Our goal is to improve the lives of youth and young adults with serious mental health conditions through rigorous research and effective training and dissemination. Our work is guided by the perspectives of young people and their families, and based in a positive development framework.

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Recent Publications

Tip Booklet: Getting the Most Out of Vocational Rehabilitation PDF

Tip Booklet: What Do You Want to Be When You Grow Up? PDF

Journal Article: The Meaning of Respect in Romantic Relationships Among Low-Income African American Adolescents Abstract

Research Review: Focal Point 2014: Co-Occurring Disorders PDF


Helping Young Adults Navigate Vocational Rehabilitation Services

"Getting the Most out of Vocational Rehabilitation", a companion tip sheet to the recently released "What Do You Want to Be When You Grow Up?" publication from Pathways' Career Visions project, explains the types of services vocational rehabilitation provides and the process of applying for services, and offers tips and a case study that illustrate how to obtain successful outcomes from VR.

Pathways Partner Testifies on Behalf of Native Children at UN Convention

NICWA Executive Director Terry Cross, Co-PI for Pathways' Finding Our Way project, and NICWA Board Member Jocelyn Formsma testified in favor of U.S. compliance with the Convention on the Elimination of All Forms of Racial Discrimination treaty in Geneva, Switzerland, on August 12, to advocate for the rights of Indigenous children.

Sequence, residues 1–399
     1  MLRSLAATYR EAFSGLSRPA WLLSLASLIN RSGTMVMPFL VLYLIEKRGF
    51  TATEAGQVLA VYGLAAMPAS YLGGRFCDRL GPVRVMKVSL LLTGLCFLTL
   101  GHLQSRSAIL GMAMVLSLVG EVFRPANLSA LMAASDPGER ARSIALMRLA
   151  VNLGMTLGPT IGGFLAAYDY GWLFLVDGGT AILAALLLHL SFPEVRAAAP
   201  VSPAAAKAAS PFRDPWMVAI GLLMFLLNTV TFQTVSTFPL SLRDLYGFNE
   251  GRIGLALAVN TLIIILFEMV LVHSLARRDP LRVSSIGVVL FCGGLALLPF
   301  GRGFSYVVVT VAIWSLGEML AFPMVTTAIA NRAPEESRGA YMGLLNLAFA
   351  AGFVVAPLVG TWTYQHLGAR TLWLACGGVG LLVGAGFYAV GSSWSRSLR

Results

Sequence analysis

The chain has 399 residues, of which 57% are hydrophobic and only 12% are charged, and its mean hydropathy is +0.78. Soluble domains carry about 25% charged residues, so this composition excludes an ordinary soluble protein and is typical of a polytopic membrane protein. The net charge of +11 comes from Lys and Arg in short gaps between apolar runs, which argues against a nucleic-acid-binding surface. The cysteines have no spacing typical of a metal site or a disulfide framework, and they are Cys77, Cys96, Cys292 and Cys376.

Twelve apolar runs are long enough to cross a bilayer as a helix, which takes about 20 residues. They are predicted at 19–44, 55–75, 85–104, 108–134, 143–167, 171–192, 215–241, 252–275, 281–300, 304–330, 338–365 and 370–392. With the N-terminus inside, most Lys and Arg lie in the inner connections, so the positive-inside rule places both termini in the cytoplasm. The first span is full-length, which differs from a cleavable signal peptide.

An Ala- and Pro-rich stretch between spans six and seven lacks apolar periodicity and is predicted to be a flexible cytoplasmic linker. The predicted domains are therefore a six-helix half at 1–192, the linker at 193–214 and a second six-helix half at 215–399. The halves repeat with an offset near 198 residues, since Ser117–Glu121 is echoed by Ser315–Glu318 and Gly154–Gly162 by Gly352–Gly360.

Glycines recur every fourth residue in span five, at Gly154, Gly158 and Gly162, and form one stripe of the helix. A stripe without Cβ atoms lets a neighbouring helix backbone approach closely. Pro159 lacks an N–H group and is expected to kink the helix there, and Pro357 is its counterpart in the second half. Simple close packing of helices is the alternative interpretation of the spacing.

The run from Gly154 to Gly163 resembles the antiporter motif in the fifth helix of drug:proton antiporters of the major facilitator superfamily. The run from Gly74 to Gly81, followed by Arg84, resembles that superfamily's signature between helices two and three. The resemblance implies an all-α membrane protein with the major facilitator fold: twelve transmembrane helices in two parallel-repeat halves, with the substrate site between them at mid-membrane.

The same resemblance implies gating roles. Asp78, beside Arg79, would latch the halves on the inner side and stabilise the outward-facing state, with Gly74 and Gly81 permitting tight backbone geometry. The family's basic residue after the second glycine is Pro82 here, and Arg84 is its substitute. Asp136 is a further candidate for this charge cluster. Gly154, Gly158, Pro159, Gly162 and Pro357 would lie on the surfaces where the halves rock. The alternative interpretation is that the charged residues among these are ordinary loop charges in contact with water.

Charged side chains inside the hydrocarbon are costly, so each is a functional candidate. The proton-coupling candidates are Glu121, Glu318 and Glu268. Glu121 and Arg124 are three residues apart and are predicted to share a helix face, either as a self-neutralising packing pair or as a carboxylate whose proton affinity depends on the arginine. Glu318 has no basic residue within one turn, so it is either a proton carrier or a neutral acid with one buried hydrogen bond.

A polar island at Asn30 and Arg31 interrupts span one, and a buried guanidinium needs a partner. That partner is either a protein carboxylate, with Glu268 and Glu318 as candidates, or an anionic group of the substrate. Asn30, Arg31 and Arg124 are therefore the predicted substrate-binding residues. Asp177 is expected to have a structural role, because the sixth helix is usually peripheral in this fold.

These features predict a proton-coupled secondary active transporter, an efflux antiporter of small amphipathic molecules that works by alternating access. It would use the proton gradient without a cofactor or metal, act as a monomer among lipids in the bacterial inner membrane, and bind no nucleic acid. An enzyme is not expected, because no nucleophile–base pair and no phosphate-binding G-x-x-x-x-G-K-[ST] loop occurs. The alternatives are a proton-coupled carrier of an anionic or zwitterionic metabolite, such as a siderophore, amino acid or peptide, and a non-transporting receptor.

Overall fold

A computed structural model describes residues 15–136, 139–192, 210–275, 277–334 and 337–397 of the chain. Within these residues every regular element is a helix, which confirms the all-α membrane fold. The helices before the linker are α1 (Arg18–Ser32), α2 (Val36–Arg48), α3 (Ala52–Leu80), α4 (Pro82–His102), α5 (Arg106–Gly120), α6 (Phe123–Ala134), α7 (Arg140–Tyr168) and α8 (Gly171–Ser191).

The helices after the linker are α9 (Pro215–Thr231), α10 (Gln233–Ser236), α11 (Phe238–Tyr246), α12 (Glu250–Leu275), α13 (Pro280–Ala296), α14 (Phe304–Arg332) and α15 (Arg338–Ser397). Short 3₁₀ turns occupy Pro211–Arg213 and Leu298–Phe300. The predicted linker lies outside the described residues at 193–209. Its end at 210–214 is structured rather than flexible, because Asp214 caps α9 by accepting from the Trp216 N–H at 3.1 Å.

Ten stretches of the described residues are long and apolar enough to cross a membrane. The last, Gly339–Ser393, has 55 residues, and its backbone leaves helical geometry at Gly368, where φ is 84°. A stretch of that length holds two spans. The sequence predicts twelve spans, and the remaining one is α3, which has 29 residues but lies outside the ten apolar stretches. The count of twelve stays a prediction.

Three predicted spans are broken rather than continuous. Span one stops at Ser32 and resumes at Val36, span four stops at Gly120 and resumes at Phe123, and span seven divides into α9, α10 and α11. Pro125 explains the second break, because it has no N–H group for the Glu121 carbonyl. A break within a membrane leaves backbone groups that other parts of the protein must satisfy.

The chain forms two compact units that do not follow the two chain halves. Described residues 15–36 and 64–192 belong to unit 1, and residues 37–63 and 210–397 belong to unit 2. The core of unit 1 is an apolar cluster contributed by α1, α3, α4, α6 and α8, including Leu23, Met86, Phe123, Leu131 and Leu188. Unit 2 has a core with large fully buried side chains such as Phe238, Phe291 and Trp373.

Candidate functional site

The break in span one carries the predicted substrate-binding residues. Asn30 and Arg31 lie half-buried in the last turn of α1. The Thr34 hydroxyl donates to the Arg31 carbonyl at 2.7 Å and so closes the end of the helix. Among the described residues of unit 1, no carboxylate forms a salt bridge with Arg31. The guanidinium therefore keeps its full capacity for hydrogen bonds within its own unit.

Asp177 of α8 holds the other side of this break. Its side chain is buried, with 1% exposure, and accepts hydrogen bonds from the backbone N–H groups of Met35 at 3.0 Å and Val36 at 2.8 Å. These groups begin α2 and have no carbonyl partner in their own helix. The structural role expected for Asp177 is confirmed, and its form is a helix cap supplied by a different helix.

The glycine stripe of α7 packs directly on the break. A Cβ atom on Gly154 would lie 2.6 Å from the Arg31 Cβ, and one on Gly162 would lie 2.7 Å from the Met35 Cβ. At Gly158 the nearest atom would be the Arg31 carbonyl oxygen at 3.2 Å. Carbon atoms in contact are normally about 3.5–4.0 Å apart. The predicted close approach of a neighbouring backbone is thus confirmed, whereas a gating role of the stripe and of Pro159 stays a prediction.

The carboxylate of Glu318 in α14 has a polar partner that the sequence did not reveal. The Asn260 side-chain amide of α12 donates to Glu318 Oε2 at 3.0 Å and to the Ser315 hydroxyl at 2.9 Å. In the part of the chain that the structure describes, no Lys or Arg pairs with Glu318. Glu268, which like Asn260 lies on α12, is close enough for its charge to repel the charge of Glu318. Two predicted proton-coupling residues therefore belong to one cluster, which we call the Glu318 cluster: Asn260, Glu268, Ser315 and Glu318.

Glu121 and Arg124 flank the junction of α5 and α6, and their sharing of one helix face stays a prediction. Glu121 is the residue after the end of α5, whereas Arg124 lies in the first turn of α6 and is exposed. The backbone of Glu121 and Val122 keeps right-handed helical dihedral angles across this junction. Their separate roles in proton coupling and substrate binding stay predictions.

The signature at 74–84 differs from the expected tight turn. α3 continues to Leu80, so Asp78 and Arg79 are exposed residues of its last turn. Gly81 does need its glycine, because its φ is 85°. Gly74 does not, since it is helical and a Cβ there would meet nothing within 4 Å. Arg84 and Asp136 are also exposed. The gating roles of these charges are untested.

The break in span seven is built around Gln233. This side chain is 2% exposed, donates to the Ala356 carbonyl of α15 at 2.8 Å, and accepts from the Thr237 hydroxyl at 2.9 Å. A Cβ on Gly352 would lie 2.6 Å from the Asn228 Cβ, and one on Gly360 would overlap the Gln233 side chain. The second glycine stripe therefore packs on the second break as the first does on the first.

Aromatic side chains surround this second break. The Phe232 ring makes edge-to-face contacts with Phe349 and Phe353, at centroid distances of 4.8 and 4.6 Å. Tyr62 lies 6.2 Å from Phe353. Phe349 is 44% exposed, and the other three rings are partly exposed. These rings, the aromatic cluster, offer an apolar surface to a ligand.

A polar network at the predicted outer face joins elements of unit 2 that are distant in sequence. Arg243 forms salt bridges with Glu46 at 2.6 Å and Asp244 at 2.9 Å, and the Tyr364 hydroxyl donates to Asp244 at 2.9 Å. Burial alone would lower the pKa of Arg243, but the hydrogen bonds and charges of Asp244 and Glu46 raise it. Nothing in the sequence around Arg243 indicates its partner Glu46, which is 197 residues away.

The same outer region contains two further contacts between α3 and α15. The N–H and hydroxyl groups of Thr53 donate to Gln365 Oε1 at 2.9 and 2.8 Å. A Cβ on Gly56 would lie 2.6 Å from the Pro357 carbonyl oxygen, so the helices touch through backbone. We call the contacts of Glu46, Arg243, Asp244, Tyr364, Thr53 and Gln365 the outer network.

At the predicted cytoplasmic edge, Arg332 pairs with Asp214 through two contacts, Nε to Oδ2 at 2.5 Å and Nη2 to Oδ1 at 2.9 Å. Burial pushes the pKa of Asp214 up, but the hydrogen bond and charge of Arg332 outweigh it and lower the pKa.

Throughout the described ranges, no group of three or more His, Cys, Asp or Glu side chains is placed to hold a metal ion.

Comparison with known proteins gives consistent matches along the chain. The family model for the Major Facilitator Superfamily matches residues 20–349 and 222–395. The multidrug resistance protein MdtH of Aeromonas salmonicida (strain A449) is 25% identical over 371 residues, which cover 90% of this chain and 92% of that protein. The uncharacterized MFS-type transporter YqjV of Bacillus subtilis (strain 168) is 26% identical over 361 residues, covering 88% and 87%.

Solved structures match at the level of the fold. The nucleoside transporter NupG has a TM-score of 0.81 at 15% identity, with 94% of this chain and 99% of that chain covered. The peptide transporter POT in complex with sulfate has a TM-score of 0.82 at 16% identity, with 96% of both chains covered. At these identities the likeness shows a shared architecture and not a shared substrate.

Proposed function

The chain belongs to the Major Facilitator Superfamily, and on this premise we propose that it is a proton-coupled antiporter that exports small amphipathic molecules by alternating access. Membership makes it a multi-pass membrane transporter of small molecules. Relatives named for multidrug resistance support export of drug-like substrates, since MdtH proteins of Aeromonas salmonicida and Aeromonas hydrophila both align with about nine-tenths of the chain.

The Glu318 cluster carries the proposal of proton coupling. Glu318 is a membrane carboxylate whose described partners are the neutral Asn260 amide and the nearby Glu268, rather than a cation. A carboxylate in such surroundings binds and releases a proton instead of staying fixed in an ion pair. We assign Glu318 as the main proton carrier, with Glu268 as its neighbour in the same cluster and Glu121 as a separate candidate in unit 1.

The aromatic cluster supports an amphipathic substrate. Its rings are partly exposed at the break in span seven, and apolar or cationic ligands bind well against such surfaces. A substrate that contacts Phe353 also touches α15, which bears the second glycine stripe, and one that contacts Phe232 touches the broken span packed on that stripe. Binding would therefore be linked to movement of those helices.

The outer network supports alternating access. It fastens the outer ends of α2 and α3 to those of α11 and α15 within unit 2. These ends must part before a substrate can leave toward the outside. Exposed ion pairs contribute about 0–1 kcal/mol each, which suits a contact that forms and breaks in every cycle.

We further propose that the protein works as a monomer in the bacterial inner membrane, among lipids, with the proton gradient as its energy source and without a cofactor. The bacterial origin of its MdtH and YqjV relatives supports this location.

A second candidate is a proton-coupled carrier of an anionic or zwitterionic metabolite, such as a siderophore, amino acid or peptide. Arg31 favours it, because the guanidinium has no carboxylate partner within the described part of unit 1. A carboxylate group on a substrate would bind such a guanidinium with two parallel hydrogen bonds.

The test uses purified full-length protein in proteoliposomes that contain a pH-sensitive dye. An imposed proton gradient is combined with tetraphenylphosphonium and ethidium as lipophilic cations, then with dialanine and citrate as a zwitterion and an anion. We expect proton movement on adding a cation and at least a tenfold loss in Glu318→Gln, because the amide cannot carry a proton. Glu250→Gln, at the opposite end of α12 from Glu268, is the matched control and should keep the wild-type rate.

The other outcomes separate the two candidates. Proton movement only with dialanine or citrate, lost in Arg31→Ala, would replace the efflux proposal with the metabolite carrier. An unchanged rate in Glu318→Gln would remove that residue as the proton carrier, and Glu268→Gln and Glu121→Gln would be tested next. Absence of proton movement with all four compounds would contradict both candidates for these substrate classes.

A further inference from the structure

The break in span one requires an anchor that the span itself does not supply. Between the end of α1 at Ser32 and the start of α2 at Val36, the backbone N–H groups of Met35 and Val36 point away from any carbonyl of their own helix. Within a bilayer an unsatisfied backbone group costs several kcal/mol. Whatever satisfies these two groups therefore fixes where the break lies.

HTI Tool Kit Launched

The HTI Tool Kit displays documents developed and/or used by Healthy Transition Initiative jurisdictions at both the state and community level. As an adaptable and versatile educational resource, this Tool Kit serves as a starting place for those states and communities who are beginning to plan for ways of better meeting the needs of young adults with mental health challenges.

HTI Policy Briefs

The Healthy Transition Initiative was funded by SAMHSA to support seven states in implementing evidence-based models of service delivery for young adults with serious mental health challenges. These two policy briefs, funded by Georgetown University's National Technical Assistance Center for Children's Mental Health, outline the resulting changes at the practice/organizational level and the policy/systems change level.
HTI Issue Brief 1 »
HTI Issue Brief 2 »

Upcoming Webinar: "Bridging Service Gaps: System Integration Strategies for Service Providers Working with Young Adults with Mental Health Issues"

Date: August 26, 2014
Time: 10am - 11am Pacific / 1pm - 2pm Eastern

Registration »

This webinar addresses strategies for meeting the cross-system needs of young people with mental health conditions in the transition years. We will begin with a brief review of the challenges resulting from service fragmentation and varied eligibility criteria. Then we will share innovative collaborative and service integration strategies developed by staff at the Early Assessment and Support Alliance, a statewide initiative in Oregon with the EASA Center for Excellence (technical assistance) located in Portland and Thresholds Youth Programs in Chicago. The webinar will also feature a young adult perspective on involvement in services and will conclude with recommendations for bridging service gaps.


Register for this webinar »